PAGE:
After 40 years of service, including nine years as the company’s chief executive officer, Kenneth D. Lewis retired from Bank of America on December 31st, 2009, having transformed the company from a U.S-focused retail and commercial bank to one of the largest and strongest global financial services companies in the world.
Haba-wha? Ken Lewis transformed BofA into one of the “strongest financial services companies in the world”? That’s news! My recollection of the circumstances of Lewis’s departure is that he had to retire early because the last deal he engineered, BofA’s acquisition of Merrill Lynch, was such a disaster that it forced BofA to become a ward of the federal government. Either Walter Massey is a lot dumber than people realize, or that old-style BofA-style insularity and arrogance, which has served the company so well for all these years, hasn’t yet been swept out of the executive suite down there in Charlotte.
Regardless, Massey’s comments are ludicrous. Instead of praising Ken Lewis, he should be apologizing on behalf of the board for permitting him to wreak so much havoc for so long.
Let’s put some numbers on Ken Lewis’s legacy of value destruction, shall we? In 2001, Lewis’ first year as CEO, the company reported basic earnings of $2.13 per share, itself something of a depressed number since BofA was still recovering from the mess Lewis’ predecessor, Hugh McColl, created with a disastrous round of acquisitions in the late 1990s. In 2009, Lewis’s last year as CEO, BofA lost 29 cents a share. So over Lewis’ entire tenure as CEO, compound earning growth at BofA wasn’t growth at all, but rather an average annual decline of . . . .
Hold on just a darn minute, you are saying. No fair using 2009 as a meaningful end point, since credit costs last year were at a temporary, cyclical high, not just for BofA, but for the entire industry.
OK, fine. In setting the end point, let’s throw out that 29-cent loss last year as unreasonably, cycically low. Instead, let’s use BofA’s post-recession “normalized” earnings. I put those at around $3.00. So from $2.31 in 2001 to $3.00 in (let’s say) 2012, Bank of America under Ken Lewis generated average annual recurring E.P.S. growth of just over 3%.
Memo to Walter Massey: Shareholders don’t care how “global” Bank of America is! They don’t care how big it gets, either. They care about how much BofA can earn per share! That’s what drives the company’s stock price and its ability to pay dividends. And on those scores, Ken Lewis totally, abysmally failed.
We already know what happened to E.P.S. growth under Ken Lewis. Now let’s look at what happened to its share price and dividends. Hint: it’s not pretty.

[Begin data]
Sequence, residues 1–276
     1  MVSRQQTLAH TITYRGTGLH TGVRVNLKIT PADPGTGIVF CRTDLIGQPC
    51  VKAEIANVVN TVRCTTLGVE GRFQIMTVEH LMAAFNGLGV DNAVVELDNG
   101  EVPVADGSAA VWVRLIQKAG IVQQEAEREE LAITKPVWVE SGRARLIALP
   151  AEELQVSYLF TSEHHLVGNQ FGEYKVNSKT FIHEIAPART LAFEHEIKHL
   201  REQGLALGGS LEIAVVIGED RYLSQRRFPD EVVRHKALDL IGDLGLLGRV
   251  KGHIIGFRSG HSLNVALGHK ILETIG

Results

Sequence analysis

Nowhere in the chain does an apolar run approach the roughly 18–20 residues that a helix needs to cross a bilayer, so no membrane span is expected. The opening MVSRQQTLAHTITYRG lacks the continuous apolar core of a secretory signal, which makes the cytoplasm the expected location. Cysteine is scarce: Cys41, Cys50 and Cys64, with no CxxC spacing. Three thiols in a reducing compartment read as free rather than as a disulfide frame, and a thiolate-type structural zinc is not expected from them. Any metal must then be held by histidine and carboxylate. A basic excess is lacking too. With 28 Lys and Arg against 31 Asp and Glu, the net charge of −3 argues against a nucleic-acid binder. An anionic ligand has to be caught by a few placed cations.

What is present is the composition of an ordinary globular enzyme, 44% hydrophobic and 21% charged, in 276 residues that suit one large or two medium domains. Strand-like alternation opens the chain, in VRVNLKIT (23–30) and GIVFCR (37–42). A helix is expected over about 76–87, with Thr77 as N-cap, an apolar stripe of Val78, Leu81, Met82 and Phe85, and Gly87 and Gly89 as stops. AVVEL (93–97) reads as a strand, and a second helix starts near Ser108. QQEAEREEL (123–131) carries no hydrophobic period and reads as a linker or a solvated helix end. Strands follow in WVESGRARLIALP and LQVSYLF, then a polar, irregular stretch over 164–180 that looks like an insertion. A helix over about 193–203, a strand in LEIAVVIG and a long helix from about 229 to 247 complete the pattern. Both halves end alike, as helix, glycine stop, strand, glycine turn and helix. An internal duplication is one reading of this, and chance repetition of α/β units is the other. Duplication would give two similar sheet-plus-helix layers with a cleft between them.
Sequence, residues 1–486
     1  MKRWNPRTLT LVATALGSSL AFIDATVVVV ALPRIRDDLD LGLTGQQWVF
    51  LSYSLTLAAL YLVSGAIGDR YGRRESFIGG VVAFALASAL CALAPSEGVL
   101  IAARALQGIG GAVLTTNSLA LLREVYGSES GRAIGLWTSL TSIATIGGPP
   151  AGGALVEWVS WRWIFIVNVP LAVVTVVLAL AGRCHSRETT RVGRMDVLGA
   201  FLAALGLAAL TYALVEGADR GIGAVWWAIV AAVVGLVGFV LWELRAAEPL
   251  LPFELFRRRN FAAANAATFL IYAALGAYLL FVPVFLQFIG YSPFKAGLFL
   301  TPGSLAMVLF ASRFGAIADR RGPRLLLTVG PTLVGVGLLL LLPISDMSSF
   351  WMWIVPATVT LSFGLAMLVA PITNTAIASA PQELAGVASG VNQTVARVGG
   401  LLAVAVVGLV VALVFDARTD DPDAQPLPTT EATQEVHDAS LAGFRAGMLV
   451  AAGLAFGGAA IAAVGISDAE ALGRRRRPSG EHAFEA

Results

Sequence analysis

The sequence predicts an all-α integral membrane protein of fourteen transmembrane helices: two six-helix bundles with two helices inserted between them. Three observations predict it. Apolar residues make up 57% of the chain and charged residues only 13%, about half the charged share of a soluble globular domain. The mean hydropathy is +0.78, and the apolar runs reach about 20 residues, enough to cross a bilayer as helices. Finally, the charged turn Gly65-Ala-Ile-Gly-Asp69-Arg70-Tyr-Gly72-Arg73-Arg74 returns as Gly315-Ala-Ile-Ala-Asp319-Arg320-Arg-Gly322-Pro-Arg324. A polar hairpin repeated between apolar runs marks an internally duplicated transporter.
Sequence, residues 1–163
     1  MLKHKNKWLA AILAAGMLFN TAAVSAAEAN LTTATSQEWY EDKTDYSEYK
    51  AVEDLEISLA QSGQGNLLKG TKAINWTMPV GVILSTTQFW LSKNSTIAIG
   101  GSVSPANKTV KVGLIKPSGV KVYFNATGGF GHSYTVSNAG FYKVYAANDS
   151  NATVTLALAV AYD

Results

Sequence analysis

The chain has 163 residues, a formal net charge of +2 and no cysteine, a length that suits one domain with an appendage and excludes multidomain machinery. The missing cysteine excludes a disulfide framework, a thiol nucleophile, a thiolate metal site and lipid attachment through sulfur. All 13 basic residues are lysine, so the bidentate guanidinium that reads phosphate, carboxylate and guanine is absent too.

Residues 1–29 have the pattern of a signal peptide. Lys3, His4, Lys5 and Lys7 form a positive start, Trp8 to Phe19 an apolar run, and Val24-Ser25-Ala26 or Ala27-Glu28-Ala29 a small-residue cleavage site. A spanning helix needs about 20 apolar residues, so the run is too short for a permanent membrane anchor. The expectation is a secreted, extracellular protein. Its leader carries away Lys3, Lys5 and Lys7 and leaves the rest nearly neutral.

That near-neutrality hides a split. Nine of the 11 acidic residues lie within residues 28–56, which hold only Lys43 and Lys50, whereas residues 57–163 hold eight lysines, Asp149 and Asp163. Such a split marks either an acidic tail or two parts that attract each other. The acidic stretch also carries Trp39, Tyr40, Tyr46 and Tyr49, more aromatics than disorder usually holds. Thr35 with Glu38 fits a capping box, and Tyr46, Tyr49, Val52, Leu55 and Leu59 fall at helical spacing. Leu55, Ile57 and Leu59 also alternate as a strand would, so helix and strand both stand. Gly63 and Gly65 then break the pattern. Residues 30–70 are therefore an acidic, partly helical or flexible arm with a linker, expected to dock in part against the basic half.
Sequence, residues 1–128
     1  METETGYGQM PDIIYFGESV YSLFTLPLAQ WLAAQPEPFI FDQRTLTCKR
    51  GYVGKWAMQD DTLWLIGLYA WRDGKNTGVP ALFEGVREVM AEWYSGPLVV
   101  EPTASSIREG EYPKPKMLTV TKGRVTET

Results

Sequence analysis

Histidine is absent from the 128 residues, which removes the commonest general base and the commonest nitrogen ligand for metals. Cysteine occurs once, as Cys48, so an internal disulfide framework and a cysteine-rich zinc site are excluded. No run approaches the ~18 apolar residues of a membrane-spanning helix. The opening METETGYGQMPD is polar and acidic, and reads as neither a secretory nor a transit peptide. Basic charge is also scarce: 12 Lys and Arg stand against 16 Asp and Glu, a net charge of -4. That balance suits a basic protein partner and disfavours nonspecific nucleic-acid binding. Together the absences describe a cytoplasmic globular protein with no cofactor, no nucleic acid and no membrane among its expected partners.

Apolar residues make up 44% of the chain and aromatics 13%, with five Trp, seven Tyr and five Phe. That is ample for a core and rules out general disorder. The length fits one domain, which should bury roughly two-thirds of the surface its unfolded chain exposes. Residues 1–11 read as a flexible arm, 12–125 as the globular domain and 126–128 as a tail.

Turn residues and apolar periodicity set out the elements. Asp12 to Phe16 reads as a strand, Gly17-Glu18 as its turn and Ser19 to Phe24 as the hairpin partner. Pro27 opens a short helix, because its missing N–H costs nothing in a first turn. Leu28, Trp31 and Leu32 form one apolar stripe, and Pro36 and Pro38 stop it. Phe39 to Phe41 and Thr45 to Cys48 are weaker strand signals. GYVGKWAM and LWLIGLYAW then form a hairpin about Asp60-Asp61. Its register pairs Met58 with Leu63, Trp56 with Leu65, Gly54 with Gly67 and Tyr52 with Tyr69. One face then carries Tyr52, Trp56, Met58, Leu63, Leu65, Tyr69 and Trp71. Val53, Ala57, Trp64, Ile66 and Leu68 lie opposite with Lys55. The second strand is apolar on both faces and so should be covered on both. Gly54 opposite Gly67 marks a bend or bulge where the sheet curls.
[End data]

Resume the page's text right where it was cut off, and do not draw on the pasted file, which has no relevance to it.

When Ken Lewis became CEO, Bank of America’s stock price was $27. On December 31, it closed at $15. For perspective, the KBW Bank Index stood at 86 in April of 2001. The BKX ended the year at $43. Let’s see: stock down 44%; index down 50%--over nine years. So throughout Lewis’s time as CEO—and notwithstanding the management theatrics, bet-the-company deals, and run-ins with the government that BofA shareholders had to endure over that period—BofA’s stock generated a return that’s basically indistinguishable from what investors would have earned had they owned an index. It’s been all risk, no reward.
And heaven help you if you actually relied upon BofA’s dividends to pay your mortgage or keep your refrigerator full! When Ken Lewis became CEO, BofA paid out $1.14 per share. When he retired, it paid 4 cents. Even if you assume that the company gets back to normalized earnings in 2012 and that it pays out 50% of those earnings to shareholders, the dividend will come to just $1.50. So over Ken Lewis’s full term as CEO and then into an expected economic recovery, BofA figures to generate average annual recurring dividend growth of 2.5%.
Regardless of what Walter Massey seems to believe, Ken Lewis was simply an egomaniac. As CEO of Bank of America, he cared more about size, power, and personal compensation that he did about creating value for shareholders. The single most important lesson that Lewis learned from Hugh McColl—and he learned it well!—is that, the bigger the institution, the more the CEO gets paid. So for Ken Lewis, size was all that mattered.
According to the company’s proxies, Ken Lewis made over $150 million in compensation during his reign of destruction. Walter Massey played no small part in handing over all that wealth to Lewis for all those years. That he’s praising Lewis now—given how Lewis treated his shareholders--is disgusting. Considering all the value destruction that’s occurred, BofA’s chairman shouldn’t have a single positive thing to say about Lewis. If anyone has a kind word to say about him at the annual meeting in April, I’ll be there to set the record straight.